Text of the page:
China Isn't Seeking to Replace U.S. as World Superpower, Dai Says in Essay
China isn’t seeking to replace the U.S. as the dominant world power and wants peace and stability in an increasingly interdependent “global village,” China’s top foreign policy official said.
“The notion that China will overtake the U.S. and dominate the world is a myth,” State Councilor Dai Bingguo said in an essay dated Dec. 6 that was posted on the Chinese government’s Web site. “Our fundamental policy and strategy is to not take the lead and not seek hegemony.”
Dai said China isn’t trying to impose its own version of a “Monroe Doctrine” in Asia, referring to a U.S. policy introduced in 1823 that sought to keep European powers from staking claims in the Western Hemisphere. China’s ties with neighbors including Vietnam and Japan have been strained in the past year over territorial disputes involving islands in the South China Sea and East China Sea.
The U.S., Japan and South Korea have increasingly criticized China’s foreign policy goals following the Nov. 23 North Korean shelling of a South Korean island that killed four people. China is North Korea’s only ally and Secretary of State Hillary Clinton, meeting with Japanese and South Korean counterparts in Washington on Dec. 6, said China “has a special role to play to shape North Korea’s behavior.”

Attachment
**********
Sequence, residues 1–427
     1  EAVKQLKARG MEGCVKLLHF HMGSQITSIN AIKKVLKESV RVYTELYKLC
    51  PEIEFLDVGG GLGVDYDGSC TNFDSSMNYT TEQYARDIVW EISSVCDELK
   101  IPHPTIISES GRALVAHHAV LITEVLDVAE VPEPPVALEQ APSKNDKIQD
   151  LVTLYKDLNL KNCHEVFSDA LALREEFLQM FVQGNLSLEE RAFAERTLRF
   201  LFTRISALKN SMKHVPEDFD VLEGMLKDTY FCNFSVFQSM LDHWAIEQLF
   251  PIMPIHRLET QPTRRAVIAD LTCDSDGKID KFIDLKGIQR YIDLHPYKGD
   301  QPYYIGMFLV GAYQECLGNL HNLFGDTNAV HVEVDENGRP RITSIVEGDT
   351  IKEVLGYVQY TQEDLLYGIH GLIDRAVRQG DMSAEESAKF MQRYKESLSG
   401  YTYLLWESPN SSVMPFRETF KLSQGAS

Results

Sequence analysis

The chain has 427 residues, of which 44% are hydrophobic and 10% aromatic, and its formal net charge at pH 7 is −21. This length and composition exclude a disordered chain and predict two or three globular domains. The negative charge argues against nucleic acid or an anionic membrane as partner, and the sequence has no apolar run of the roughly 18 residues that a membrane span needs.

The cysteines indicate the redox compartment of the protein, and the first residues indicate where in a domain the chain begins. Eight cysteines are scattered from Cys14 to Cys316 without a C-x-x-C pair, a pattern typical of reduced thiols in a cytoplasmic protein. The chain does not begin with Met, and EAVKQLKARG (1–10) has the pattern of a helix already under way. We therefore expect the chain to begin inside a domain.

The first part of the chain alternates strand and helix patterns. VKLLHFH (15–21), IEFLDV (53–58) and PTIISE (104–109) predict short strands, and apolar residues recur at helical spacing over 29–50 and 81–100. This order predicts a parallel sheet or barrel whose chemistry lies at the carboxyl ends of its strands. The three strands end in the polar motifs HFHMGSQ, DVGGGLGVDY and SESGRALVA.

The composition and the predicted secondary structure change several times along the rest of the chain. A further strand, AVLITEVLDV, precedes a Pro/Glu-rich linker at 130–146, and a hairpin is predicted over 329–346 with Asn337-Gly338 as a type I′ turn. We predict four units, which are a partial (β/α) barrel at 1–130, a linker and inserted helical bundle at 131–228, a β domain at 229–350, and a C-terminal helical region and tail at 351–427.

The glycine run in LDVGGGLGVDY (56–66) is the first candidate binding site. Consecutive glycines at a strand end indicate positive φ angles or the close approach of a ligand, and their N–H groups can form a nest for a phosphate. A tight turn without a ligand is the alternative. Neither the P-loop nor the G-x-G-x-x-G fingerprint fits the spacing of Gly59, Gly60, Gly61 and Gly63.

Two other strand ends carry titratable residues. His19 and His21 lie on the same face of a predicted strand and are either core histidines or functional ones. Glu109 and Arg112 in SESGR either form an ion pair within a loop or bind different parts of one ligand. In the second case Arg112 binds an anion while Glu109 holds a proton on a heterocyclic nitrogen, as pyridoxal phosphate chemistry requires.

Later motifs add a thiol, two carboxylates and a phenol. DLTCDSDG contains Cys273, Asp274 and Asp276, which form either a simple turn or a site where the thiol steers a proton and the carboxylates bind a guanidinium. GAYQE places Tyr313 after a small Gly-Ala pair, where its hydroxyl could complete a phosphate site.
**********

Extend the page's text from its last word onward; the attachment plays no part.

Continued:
Dai said joint military exercises conducted in the region exhibited a “typical Cold War mentality.” The U.S. held naval exercises with South Korea in the sea between Korea and China last week and this week carried out naval exercises with Japan and South Korea as an observer. The war games were not directed “at any nation,” U.S. Lieutenant Colonel Kenneth Hoffman, an Air Force spokesman, said in an e-mailed message earlier this week.
“The international community should welcome and not be afraid of China’s peaceful development, should help it rather than hinder it, and should support it and not to contain it,” Dai wrote.
--Michael Forsythe. Editor: Patrick Harrington, John Brinsley
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